I have spoken in the past of J. M. Coetzee’s The Life and Times of Michael K (1983), a singularly unpleasant novel which has nonetheless had a considerable impact on my moral thinking, as it suggests—to me, anyway—that a person has every right to “resign” from history. Historical forces are cruel and impersonal and if a person wants to escape from them, one can hardly blame him or her. In the novel, the titular Michael K is a borderline mentally impaired, mixed-race man trying to escape from a civil war that has broken out in his native South Africa and Coetzee charts all the horrors and indignities to which Michael K is subjected as he tries to evade forces that he can neither understand nor control.
I had Michael K in mind as I watched Polish director Andrzej Wadja’s Ashes and Diamonds (1958). Widely considered one of the greatest works of Polish cinema, the film follows a young anti-communist partisan named Maciek (Zbigniew Cybulski) as he attempts to assassinate a communist official in the immediate aftermath of WWII (its action takes place mostly on May 8, 1945, the day of the German surrender). Now, Maciek and Michael K are not perfect analogues. Maciek is not mentally impaired and he signed up voluntarily for what he’s doing, but as the film progresses, he begins to have significant doubts about his mission. Following the opening sequence, in which he and his superior, Andrzej, murder two factory workers whom they mistake for the communist official and his assistant, Maciek and Andrzej set up shop at a hotel where Szczuka, the communist, will be attending a banquet. Now, although Maciek has been tempered in the forge of war—and the war was bloodier in few places than it was in Poland—he is still a young man, prey to the enthusiasms and exuberance of youth, and so he quite naturally falls in love at first sight with the pretty bartender, Krystyna. And he certainly can’t pursue a long-term romance with Krystyna if he kills Szczuka, and anyway, why kill Szczuka? Haven’t they killed enough people already, including innocent people? Even if he signed up for this, is Maciek still obligated or duty-bound to his partisan group? If a person’s conscience changes, can their loyalties change accordingly?
One of the things that distinguishes Ashes and Diamonds from its predecessors is a much lighter tone. Which isn’t to say that it’s not a serious movie—Maciek’s moral and personal stakes couldn’t be higher—but Wajda and co-writer Jerzy Andrzejewski sprinkle the movie with humor and romance, which don’t detract from the grim matters at hand, but rather place them in the context of a much wider world. The banquet that occasions Szczuka’s presence plays out with the absurdity of Miloš Forman’s Fireman’s Ball (1967) and Maciek shares the stage with several background players pursuing their own interests while largely oblivious to the assassination in the offing.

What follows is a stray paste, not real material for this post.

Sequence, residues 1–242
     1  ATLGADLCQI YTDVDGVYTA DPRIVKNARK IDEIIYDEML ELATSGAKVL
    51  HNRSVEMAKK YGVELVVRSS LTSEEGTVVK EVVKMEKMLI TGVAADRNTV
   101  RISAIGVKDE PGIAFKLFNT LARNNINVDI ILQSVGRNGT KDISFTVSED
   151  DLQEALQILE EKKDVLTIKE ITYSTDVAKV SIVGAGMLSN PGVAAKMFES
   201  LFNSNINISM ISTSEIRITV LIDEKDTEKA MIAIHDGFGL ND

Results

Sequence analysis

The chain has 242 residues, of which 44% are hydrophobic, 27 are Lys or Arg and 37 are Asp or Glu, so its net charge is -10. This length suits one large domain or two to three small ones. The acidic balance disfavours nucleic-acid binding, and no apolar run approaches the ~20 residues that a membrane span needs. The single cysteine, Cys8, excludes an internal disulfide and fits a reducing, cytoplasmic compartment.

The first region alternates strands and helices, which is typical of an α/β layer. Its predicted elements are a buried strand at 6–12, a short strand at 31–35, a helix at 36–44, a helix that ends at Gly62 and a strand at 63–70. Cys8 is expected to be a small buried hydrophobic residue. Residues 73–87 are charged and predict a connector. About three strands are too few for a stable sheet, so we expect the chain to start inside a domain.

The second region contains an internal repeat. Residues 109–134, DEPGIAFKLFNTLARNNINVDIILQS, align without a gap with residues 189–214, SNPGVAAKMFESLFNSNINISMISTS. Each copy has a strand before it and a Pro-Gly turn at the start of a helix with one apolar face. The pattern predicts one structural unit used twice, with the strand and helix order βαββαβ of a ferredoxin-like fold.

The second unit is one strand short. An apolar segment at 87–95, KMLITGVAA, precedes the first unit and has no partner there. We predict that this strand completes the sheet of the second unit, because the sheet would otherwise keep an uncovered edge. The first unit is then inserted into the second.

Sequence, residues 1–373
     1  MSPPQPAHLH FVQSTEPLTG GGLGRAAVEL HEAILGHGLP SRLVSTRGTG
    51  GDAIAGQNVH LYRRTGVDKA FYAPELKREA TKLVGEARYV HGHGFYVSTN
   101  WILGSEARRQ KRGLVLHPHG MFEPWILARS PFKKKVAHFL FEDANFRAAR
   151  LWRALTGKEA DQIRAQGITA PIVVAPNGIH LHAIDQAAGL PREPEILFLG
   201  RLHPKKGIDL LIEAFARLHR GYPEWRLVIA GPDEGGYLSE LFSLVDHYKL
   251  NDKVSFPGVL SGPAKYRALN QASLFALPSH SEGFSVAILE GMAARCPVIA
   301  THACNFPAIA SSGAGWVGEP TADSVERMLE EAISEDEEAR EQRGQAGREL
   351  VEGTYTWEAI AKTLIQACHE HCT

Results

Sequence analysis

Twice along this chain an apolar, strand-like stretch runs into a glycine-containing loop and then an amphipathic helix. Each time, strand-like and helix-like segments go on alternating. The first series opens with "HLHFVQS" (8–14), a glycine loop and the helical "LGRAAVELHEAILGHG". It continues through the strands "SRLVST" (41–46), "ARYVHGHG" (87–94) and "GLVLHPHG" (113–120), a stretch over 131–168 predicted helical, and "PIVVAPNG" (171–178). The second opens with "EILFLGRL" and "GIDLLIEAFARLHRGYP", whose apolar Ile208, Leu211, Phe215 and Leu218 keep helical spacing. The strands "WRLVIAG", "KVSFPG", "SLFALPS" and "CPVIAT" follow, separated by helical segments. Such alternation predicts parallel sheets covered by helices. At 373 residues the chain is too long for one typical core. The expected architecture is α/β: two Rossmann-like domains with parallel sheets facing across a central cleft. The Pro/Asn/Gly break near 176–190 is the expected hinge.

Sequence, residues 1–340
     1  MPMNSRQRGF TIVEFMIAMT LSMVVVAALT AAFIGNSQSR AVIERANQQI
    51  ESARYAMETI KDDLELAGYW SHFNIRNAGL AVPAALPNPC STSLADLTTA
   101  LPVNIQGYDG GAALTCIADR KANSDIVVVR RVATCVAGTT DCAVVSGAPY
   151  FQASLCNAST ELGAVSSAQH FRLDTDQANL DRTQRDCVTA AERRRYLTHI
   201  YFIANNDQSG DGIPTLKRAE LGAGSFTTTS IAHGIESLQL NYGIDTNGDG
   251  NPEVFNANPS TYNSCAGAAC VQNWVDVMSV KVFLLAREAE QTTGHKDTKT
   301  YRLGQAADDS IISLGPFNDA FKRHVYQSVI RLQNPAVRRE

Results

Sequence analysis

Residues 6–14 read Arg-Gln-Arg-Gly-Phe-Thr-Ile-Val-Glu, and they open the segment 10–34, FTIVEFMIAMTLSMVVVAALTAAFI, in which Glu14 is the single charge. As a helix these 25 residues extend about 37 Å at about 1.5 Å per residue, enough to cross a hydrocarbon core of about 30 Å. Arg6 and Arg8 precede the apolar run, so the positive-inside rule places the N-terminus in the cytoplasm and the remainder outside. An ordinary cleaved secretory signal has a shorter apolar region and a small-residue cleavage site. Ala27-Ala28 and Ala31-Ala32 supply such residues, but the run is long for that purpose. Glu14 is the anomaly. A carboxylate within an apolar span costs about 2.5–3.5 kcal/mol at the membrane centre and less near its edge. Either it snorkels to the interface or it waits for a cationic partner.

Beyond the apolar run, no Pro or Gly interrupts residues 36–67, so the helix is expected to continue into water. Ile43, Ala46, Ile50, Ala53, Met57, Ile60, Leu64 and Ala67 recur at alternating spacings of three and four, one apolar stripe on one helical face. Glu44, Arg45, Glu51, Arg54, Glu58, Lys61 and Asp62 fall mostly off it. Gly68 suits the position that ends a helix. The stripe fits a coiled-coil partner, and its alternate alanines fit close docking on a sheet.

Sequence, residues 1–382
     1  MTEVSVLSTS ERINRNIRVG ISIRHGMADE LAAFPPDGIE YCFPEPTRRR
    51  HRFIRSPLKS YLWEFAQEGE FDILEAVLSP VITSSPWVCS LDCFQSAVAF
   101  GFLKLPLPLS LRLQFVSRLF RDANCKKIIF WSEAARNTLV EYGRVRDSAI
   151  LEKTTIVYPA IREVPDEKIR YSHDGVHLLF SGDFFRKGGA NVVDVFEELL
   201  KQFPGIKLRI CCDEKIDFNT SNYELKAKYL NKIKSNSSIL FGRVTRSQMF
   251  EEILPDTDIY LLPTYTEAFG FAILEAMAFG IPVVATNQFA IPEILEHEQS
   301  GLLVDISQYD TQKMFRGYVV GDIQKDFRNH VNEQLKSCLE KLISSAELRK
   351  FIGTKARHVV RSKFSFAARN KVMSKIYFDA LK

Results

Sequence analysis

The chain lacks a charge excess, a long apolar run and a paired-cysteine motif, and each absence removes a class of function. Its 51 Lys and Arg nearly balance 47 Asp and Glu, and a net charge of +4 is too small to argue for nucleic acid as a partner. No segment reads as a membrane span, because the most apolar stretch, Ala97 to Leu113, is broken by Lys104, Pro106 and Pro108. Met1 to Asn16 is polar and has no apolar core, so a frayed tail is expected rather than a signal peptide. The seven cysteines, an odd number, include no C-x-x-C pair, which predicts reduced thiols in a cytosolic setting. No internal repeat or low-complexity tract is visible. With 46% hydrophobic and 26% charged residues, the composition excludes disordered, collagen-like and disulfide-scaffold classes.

Ashes and Diamonds is the most morally ambiguous entry in an informal “war trilogy” that Wajda directed in the mid-fifties, starting with A Generation (1954) and continuing with Kanal (1956). A Generation follows a group of naïve young people (including a not-yet-famous Roman Polanski) as they join the Polish resistance and become exposed to the grim realities and moral exigencies of war. It depicts the sacrifices made by the Polish people with great sadness and pathos, but it never doubts that these sacrifices were fundamentally noble and justified. The mood has changed when we get to Kanal, which has to be one of the bleakest films ever made. Set during the general uprising in 1944, the film follows a group of doomed Polish partisans as they attempt to escape the Nazis by fleeing through the sewers of Warsaw. The movie opens with a famous voice-over which intones: “Watch them closely, for these are the last hours of their lives.” There is no room for heroism in Kanal, just the desperate, thwarted will to survive, as the partisans are picked off by the Nazis, incapacitated by the sickening miasma of raw sewage, and overpowered by despair.
I would like to note that I have no idea how a movie like this—with its willingness to treat anti-communist militants as complex, sympathetic human beings—could have been made in communist Poland. Perhaps we can attribute it to the Khrushchev thaw and de-Stalinization. Whatever the circumstances of its production, Ashes and Diamonds presents us with the same grand question raised by The Life and Times of Michael K: are we not within our rights to resign from the inhuman and destructive processes of history? Can Maciek fall in love and go back to the normal life of a young man, or is he morally obligated to kill Szczuka, in accordance with his commitments to his partisan group? Are our consciences free to change, or must we be forever bound by our decisions once we’ve made them? I know how I’d answer these questions.